Glenn Beck

Denny Hatch is the author of six books on marketing and four novels, and is a direct marketing writer, designer and consultant. His latest book is “Write Everything Right!” Visit him at

President Obama's words at a White House Ramadan gathering Aug. 13, 2010 regarding a mosque being opened near the Ground Zero 9/11 site:

As a citizen, and as President, I believe that Muslims have the same right to practice their religion as everyone else in this country. And that includes the right to build a place of worship and a community center on private property in Lower Manhattan, in accordance with local laws and ordinances. This is America. And our commitment to religious freedom must be unshakeable. The principle that people of all faiths are welcome in this country and that they will not be treated differently by their government is essential to who we are. The writ of the Founders must endure.

In terms of the Constitution, the message was spot-on and not debatable. Many on the Left, Right and Center agreed with him.

Shortly thereafter Newt Gingrich committed what Mike Barnicle labeled “political pyromania” (see “IN THE NEWS” at right) and dropped an “N” bomb by equating Muslims to Nazis—pouring gasoline on what might have remained a brush fire.

The following day, President Obama caved. "I was not commenting and I will not comment on the wisdom of making the decision to put a mosque there,” he said in response to a reporter’s question. What was intended as nuance was pounced on by the media as a John Kerry flip-flop; where he was for the mosque before, now he was against it.

Suddenly the Ground Zero mosque took over the news.

Direct marketers who fail to take current news into consideration will be sunk by it,” wrote Martin Gross, author of “The Direct Marketer’s Idea Book.”

This is not about politics or policy. It’s about process—an exercise in public relations and communication that directly applies to every organization—a one-person entrepreneurship, CEOs of a small business or a giant corporation all the way up to the President of the United States.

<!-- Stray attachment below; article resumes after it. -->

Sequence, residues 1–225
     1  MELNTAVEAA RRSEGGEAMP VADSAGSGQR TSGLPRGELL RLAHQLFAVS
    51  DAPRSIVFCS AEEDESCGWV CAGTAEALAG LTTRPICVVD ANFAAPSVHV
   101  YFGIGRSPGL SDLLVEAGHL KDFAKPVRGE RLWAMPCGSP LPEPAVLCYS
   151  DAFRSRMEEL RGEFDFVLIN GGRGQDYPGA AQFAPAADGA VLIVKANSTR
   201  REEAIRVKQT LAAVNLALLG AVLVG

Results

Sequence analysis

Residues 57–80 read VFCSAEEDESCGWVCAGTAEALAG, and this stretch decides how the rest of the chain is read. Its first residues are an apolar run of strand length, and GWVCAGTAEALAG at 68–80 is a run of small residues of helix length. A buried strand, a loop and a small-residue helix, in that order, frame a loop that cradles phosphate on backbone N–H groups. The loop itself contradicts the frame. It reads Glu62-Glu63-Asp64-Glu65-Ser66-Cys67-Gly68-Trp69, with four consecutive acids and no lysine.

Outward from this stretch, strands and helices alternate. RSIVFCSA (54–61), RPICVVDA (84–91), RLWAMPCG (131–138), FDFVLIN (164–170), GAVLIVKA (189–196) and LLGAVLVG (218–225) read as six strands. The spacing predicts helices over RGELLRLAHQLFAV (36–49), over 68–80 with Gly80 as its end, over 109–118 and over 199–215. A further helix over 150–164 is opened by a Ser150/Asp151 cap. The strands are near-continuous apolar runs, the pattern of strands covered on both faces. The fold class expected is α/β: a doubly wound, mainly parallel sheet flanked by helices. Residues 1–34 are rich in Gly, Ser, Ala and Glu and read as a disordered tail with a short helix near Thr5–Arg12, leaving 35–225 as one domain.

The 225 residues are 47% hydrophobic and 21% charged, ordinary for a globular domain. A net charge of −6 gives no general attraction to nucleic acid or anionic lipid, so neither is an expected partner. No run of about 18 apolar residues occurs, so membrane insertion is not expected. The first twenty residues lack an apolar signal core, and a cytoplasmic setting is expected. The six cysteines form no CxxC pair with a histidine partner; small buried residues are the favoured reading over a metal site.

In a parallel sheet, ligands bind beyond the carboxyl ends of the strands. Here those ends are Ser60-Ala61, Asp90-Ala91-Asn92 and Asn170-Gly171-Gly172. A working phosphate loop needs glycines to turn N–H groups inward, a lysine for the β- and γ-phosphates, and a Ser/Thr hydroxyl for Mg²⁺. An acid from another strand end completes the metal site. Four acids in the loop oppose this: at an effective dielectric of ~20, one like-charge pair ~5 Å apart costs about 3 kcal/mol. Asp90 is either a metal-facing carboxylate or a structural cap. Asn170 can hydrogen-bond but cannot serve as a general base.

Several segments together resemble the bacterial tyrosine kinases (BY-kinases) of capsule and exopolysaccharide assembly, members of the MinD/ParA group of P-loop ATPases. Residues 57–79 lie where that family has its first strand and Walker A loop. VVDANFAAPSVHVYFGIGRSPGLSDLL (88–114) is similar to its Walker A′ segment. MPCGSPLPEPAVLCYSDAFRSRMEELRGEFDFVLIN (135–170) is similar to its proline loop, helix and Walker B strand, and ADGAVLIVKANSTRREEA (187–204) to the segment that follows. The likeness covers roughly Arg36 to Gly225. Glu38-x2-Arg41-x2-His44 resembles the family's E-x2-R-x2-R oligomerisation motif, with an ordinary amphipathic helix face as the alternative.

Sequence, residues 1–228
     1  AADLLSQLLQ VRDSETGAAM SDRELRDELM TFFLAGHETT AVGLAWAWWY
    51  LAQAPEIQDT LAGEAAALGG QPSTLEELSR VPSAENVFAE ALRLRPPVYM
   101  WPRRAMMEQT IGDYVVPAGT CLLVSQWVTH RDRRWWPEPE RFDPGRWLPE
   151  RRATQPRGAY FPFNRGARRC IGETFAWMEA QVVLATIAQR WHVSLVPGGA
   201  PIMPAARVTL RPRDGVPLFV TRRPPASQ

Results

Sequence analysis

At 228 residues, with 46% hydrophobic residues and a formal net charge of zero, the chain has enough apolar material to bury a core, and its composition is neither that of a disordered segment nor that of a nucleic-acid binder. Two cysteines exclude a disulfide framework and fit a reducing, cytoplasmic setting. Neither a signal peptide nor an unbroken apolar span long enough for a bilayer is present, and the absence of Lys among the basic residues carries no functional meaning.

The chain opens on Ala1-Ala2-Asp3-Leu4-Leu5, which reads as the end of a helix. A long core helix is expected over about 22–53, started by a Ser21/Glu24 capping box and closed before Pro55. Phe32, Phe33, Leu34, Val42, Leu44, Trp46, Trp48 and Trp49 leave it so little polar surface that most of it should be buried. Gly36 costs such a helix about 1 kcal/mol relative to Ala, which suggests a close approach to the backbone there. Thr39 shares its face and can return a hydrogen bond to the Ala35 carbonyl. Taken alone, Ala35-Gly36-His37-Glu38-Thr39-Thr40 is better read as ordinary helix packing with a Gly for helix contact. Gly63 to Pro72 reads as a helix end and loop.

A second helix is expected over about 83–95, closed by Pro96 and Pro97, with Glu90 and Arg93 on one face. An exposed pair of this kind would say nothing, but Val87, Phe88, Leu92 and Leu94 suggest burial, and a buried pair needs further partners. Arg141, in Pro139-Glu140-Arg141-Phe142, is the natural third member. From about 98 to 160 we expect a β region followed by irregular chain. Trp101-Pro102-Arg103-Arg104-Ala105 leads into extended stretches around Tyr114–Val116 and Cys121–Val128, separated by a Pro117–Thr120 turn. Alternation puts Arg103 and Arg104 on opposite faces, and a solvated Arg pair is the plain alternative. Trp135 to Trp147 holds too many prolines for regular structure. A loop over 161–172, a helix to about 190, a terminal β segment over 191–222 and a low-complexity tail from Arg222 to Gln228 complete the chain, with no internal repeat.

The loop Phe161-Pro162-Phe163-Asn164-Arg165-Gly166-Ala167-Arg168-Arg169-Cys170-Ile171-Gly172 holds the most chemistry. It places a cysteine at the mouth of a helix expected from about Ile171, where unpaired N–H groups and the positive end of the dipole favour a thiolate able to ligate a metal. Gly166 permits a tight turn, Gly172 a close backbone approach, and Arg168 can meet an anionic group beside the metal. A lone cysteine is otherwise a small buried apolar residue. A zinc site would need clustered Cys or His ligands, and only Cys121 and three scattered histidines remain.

Over the past year, the Obama administration has botched myriad PR opportunities and come up the big loser in the court of public opinion.

Quite simply, it is imperative to have a system in place to recognize a public relations crisis and deal with it—a plan that can be implemented immediately. Not tomorrow. Not after the weekend. Now! In his seminal book, “Guerrilla P.R. 2.0,” Michael Levine writes:

One of the single most important points to keep in mind when facing a negative situation of your own is to follow the old dictum: The best defense is a good offence. You must never go on the defensive. By anticipating negative questions you can stand ready with positives.

Levine adds, “There are two speeds in modern P.R.—fast and dead.”

Too many CEOs—Barack Obama included—do not understand the art and science of public relations. PR is too important to be handled by well-meaning amateurs.

It’s not good when the face of your organization has egg on it.

“Freedom of the press is limited to those who own one,” wrote journalist A.J. Liebling (1904-1963).

No more. Freedom of the press is available to any of the 6.7 billion people worldwide with a computer and Internet access.

A lost soul named Julie Powell who never finished anything she started decided to cook her way through Julia Child’s “Mastering the Art of French Cooking” and blog about it—365 days, 524 recipes. After a year of blogging and cooking, Powell had a following, wrote a book about her culinary adventures and got noticed by filmmaker Nora Ephron.

The result: “Julie & Julia,” a tour de force written and directed by Ephron. It also reconfirms that Meryl Streep, who's drop-dead brilliant as Julia Child, may be the greatest, most versatile actress in film history.

Talk about happy endings. Julie Powell’s third book will be published Dec. 1, 2009. And as Stephanie Clifford wrote in the Aug. 24 New York Times:

Almost 48 years after it was first published, “Mastering the Art of French Cooking” by Julia Child is finally topping the best-seller list, bringing with it all the butter, salt and goose fat that home chefs had largely abandoned in the age of Lipitor. The book, given a huge lift from the recently released movie “Julie & Julia,” sold 22,000 copies in the most recent week tracked, according to Nielsen BookScan, which follows book sales. That is more copies than were sold in any full year since the book's appearance, according to Alfred A. Knopf, which published it.

For a blogger, life doesn’t get any better.

But for a number of bloggers (and journalists), it just got a whole lot worse.

In 2001-2002 I did some consulting with Arbitron--the company that measures the listenership of radio stations around the country. It sent out little pocket diaries and asked people to keep track for a week of what they listened to on the radio. I traveled several times to the Arbitron HQ in Columbia, Maryland where I had meetings with various department heads and wrote and designed some promotional material. On a ZipDisk somewhere might be the creative work I did. But my experience working with Arbitron is hazy at best. What is not hazy is that several months after we parted company, I received

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